Pain at multiple sites is associated with prevalent and incident fractures in older adults
Pan, F and Tian, J and Aitken, D and Cicuttini, F and Jones, G, Pain at multiple sites is associated with prevalent and incident fractures in older adults, Journal of Bone and Mineral Research pp. 1-24. ISSN 0884-0431 (2019) [Refereed Article]
Musculoskeletal pain is common and typically occurs at multiple sites. Pain has been shown to be associated with falls risk; however, whether increased risk for falls associated with multi-site pain (MSP) translates into an increased risk of fractures has not been investigated. This study aimed to describe the associations of number of painful sites with prevalent and incident fractures. Data from a longitudinal population-based study of older adults (mean age 63 years) were utilised. Follow-up was performed at 2.6, 5.1 and 10.7 years later, respectively. Presence/absence of pain at the neck, back, hands, shoulders, hips, knees and feet was assessed by questionnaire at baseline. Participants were classified into three groups according to the total number of painful sites (0-2, 3-4 and 5-7 painful sites). Fractures were self-reported at each time-point. Bone mineral density (BMD) was measured by Dual-energy X-ray absorptiometry. Falls risk was calculated based on the short form Physiological Profile Assessment. Log-binomial regression was used for the analyses. A total of 450 fractures at baseline and 154 new fractures were reported during a mean follow-up period of 10.7 years (range 9.2-12.5 years). In multivariable analyses, number of painful sites was associated with prevalent fractures at any site and non-vertebral. Furthermore, participants with 5-7 painful sites had an increased risk of incident fractures at any site [relative risk (RR) 1.69, 95%CI 1.13-2.53], major (including the femur, radius, ulnar, vertebral, rib and humerus) (RR 2.17, 95%CI 1.12-4.22) and vertebral (RR 6.44, 95%CI 1.64-25.33) compared to those with pain at 0-2 sites. These associations remained significant after further adjustment for falls risk, BMD and confounders. Pain at multiple sites was associated with incident fracture risk in a dose-response manner, suggesting that widespread pain is an independent contributor to fracture risk. The potential for pain management in fracture prevention warrants further exploration.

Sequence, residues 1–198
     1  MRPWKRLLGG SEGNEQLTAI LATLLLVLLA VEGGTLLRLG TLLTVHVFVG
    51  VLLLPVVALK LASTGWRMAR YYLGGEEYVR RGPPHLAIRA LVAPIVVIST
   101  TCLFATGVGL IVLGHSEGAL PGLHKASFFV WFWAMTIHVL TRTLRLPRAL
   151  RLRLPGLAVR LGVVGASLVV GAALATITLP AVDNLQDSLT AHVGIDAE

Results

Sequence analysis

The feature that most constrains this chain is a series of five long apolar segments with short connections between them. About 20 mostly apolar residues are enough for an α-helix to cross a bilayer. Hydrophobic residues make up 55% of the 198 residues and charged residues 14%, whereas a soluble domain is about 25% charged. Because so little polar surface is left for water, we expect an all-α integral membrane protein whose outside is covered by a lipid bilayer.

musculoskeletal pain, fracture, multi-site pain, prospective study